COVID-19: Closure Of Canada-U.S. Border, International Travel Restrictions Extended Another Month

COVID-19: Closure Of Canada-U.S. Border, International Travel Restrictions Extended Another Month
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Canada’s international travel restrictions and the closure of the border with the U.S. have both been extended for another month, until June 21, 2021.

Bill Blair, Minister of Public Safety and Emergency Preparedness made the announcement in a tweet on Thursday, May 20. The restrictions had been due to expire on May 21.

“We are extending travel restrictions on non-essential international travel and with the United States until June 21st, 2021,” Blair wrote on Twitter. “We will continue to base our decisions on the best public health advice available to keep Canadians safe from #COVID19.”

The extension means both international and U.S. restrictions will have been in place for 15 months after first being imposed in March 2020.

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Travellers At Land Borders Need Proof of Negative COVID-19 Test

Canada requires that anyone returning to the country quarantine for 14 days.

Travellers arriving in Canada by land from the U.S. also need to provide proof of a negative COVID-19 molecular test result taken within 72 hours or a positive test taken 14 to 90 days prior to arrival.

In addition, travellers entering Canada at the land border require to take a COVID-19 molecular test on arrival as well as toward the end of their 14-day quarantine.

All travellers arriving in Canada by air, with some exceptions, need to take a COVID-19 molecular test when they arrive in Canada and another towards the end of their 14-day quarantine period. They also need to stay in a government-designated hotel for three days at their own cost to await the results of those tests.

Anyone arriving by air from another country for non-essential travel is also required to have a negative COVID-19 test prior to boarding the aircraft in their home country.

Exemptions for Non-Discretionary Travel

Canada has exemptions in place for the following people, provided they are travelling for a non-discretionary reason:

  • Seasonal agricultural workers, fish/seafood workers, caregivers and all other temporary foreign workers;
  • International students who held a valid study permit, or had been approved for a study permit, when the travel restrictions took effect on March 18, 2020. More international students are now allowed to travel from October 20 last year under a new exemption;
  • Permanent resident applicants who had been approved for permanent residence before the travel restrictions were announced but who had not yet travelled to Canada;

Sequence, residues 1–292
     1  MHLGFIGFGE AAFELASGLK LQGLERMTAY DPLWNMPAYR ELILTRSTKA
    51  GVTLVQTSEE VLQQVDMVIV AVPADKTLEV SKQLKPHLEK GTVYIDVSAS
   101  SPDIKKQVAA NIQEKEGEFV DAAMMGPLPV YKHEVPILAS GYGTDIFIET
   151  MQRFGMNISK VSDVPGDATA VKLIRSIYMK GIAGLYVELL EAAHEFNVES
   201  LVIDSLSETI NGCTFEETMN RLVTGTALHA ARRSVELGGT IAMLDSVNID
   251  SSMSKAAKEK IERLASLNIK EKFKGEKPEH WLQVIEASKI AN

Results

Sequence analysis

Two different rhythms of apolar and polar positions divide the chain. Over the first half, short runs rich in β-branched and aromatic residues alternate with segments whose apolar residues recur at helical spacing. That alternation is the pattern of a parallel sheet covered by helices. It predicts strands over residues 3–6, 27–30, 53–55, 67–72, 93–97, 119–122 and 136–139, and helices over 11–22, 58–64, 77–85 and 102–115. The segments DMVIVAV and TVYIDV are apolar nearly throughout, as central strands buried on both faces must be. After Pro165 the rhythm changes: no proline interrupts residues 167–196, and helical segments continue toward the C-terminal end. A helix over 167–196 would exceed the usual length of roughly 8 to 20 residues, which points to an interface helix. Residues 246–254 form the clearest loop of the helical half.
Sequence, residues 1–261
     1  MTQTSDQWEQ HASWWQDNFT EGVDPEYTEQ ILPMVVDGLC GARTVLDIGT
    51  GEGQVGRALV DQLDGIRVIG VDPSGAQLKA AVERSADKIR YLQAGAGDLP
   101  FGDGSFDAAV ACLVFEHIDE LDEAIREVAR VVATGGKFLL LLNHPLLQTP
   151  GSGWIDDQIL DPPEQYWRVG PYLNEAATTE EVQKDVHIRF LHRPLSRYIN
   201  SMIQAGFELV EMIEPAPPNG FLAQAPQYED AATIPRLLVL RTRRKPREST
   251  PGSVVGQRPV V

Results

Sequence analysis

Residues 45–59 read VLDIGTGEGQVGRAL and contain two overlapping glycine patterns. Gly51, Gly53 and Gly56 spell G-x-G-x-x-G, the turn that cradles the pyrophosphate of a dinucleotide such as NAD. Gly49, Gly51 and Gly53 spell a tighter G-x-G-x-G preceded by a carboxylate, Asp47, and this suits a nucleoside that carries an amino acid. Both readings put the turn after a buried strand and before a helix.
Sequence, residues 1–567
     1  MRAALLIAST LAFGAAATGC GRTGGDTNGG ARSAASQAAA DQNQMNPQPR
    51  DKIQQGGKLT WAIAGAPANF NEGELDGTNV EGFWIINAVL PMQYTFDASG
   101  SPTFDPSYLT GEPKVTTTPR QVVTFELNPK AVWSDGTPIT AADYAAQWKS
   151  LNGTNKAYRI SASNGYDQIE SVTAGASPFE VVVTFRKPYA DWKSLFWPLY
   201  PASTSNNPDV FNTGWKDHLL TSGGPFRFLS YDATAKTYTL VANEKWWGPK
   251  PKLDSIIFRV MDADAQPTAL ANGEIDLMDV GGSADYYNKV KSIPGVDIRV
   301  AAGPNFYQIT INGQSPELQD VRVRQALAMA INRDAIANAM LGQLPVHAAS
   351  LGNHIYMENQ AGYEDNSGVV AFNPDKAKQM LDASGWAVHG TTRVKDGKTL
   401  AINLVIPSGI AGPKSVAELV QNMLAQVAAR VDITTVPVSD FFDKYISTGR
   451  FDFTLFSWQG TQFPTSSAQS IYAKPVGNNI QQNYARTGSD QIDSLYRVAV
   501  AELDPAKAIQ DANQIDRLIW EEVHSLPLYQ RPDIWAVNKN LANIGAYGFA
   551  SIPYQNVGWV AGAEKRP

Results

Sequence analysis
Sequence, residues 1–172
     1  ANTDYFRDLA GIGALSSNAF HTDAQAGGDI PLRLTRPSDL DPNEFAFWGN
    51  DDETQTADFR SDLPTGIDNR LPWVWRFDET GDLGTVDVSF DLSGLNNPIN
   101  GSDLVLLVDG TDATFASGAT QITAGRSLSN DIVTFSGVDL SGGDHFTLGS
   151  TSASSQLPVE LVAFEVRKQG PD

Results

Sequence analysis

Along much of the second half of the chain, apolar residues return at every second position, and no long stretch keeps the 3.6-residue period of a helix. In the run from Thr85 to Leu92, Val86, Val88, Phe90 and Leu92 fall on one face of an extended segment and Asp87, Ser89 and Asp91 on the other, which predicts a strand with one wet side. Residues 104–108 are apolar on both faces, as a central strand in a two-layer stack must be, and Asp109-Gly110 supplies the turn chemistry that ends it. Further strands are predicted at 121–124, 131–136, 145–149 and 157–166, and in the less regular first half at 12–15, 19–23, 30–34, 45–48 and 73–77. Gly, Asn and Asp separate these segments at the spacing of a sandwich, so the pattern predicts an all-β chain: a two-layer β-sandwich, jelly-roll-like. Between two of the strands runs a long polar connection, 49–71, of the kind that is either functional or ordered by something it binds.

• Immediate family members of Canadian citizens and permanent residents are also exempt if entering to be with an immediate family member for at least 15 days, and;
  • Extended family members of citizens and permanent residents, plus foreign nationals travelling on compassionate grounds.

Immigration Numbers Recovery At Start Of 2021

The latest federal government figures show Canada welcomed 70,500 newcomers in the first three months of the year, compared to just over 69,000 in 2020 – a solid start on its way to an ambitious target of 401,000.

January to March was easily the most prolific quarter for Canada immigration since the start of the coronavirus crisis.

However, the numbers are still well short of those needed for Canada to its target. If 70,500 newcomers are welcomed every quarter this year, the total would reach only 282,000 permanent resident admissions.

Monthly Permanent Resident Admissions to Canada, 2020 and 2021

Ottawa is clearly expecting a major increase in the remaining three quarters, boosted by the new pathway the permanent residence launched this month, through which it expects to receive 90,000 applications from international graduates, healthcare workers and other essential workers.

Meanwhile, Immigration, Refugees and Citizenship Canada (IRCC) has also significantly increased the numbers of Invitations to Apply being issued through Express Entry, including 27,332 in a single Canadian Experience Class draw on February 13.

These candidates, 90 percent of them already in Canada, are likely to make the transition to permanent residency in the second half of the year.

Immigration Minister Marco Mendicino remains confident Canada will hit the 401,000 targets, set in the fall 2020 immigration levels plan.

“I am confident that we are doing everything we can to meet that target and we will meet that target and the reason it is important to hit that target is that immigrants create jobs … and allow us to meet our workforce needs,” he said in a recent press conference.

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